Journal of Business Ethics

, Volume 113, Issue 3, pp 415–428

Measuring and Differentiating Perceptions of Supervisor and Top Leader Ethics

Authors

    • Department of PsychologyCalifornia State University, San Bernardino
  • Kathie L. Pelletier
    • Department of ManagementCalifornia State University, San Bernardino
Article

DOI: 10.1007/s10551-012-1312-8

Cite this article as:
Kottke, J.L. & Pelletier, K.L. J Bus Ethics (2013) 113: 415. doi:10.1007/s10551-012-1312-8

Abstract

We report the results of two studies that evaluated the perceptions of supervisor and top leader ethics. In our first study, we re-analyzed data from Pelletier and Bligh (J Bus Ethics 67:359–374, 2006) and found that the Perceptions of Ethical Leadership Scale from that study could be used to differentiate perceptions of supervisor and top leader ethics. In a second study with a different sample, we examined the relationships between (1) individual employees’ perceptions of top managers’ and immediate supervisors’ ethical tendencies, and (2) organizational climate, confidence in top leadership direction, commitment, and citizenship behavior. Results indicated that employee perceptions of top managers’ and supervisors’ ethics were significantly related to climate, top leadership direction, organizational commitment and the OCB dimension, civic virtue.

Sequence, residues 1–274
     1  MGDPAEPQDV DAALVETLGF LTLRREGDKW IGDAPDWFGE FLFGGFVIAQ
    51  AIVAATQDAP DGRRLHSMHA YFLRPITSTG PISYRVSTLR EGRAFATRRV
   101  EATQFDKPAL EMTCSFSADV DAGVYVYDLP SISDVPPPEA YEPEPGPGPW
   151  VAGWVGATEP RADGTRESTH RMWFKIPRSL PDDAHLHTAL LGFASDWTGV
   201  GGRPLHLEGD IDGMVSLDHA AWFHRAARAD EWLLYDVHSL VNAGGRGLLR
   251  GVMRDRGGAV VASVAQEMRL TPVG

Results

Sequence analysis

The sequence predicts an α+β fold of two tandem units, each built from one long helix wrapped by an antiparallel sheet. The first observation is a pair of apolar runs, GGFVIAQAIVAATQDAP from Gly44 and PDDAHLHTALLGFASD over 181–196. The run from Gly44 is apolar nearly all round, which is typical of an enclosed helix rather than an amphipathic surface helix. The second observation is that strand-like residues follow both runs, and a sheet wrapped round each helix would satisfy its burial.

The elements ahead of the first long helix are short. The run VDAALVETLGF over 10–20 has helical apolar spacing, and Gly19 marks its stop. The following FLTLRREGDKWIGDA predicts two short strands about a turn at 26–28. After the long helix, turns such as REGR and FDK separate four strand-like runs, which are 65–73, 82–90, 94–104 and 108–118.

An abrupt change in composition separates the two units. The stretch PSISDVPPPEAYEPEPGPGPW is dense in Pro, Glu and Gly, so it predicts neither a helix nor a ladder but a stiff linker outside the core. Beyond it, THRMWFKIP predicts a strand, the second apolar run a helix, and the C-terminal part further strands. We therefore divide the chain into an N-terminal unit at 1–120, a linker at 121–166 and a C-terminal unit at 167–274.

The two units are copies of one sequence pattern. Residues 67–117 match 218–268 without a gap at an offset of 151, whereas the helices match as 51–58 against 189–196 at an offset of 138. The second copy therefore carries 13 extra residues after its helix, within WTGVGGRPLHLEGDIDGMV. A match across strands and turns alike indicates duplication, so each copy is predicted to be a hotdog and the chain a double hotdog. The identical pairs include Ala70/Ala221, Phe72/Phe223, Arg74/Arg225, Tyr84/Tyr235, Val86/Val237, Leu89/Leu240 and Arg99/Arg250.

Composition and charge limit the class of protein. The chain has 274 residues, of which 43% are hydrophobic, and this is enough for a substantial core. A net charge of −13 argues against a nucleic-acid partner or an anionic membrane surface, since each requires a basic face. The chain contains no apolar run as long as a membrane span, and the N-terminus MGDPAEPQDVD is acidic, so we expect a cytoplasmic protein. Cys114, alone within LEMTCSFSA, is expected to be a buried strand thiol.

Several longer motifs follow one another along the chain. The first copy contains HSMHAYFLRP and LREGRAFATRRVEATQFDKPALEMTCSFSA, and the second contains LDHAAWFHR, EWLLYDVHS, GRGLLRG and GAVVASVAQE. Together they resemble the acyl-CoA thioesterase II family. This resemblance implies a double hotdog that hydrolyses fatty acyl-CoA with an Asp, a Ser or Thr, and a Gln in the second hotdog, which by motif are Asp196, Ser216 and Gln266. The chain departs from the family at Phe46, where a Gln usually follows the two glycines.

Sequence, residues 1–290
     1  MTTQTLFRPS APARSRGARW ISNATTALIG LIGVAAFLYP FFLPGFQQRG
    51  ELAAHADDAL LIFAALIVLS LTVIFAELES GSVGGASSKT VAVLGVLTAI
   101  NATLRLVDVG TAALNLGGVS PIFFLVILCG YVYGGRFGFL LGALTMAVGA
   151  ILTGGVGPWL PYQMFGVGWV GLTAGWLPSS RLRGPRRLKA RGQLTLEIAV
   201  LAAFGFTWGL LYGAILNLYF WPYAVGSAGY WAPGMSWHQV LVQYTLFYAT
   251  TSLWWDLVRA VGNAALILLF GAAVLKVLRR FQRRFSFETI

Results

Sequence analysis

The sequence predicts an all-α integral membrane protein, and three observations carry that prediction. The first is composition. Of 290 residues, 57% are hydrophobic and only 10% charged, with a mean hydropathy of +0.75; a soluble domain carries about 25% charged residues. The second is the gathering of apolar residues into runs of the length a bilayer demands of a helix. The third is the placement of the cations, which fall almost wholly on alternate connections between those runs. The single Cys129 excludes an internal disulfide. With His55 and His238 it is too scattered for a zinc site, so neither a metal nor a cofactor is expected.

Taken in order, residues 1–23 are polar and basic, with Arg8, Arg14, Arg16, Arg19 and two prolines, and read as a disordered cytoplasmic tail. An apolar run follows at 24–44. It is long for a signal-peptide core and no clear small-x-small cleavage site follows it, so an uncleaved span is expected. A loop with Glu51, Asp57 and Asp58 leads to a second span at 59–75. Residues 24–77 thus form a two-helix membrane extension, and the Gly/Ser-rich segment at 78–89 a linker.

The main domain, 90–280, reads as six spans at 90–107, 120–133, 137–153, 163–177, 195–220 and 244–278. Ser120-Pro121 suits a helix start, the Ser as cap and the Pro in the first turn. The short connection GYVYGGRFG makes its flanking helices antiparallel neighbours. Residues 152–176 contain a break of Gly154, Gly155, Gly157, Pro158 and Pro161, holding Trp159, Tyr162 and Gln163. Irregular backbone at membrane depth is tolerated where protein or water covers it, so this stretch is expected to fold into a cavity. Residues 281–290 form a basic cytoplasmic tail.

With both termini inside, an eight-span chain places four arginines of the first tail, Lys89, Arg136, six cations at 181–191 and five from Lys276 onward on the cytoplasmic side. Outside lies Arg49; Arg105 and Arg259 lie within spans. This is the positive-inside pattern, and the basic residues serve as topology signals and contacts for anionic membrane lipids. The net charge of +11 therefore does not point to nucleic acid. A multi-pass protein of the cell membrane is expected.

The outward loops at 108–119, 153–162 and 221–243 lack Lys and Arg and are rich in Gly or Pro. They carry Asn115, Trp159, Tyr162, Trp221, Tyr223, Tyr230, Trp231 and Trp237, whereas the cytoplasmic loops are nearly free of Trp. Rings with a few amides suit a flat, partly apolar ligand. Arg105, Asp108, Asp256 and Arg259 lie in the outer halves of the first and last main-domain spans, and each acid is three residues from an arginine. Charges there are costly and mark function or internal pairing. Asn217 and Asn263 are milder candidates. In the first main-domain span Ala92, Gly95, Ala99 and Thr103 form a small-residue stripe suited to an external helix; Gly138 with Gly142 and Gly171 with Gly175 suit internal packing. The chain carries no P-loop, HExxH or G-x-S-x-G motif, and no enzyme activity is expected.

Keywords

Immediate supervisor ethicsTop leader ethicsOrganizational cultureEthics measurement

Copyright information

© Springer Science+Business Media B.V. 2012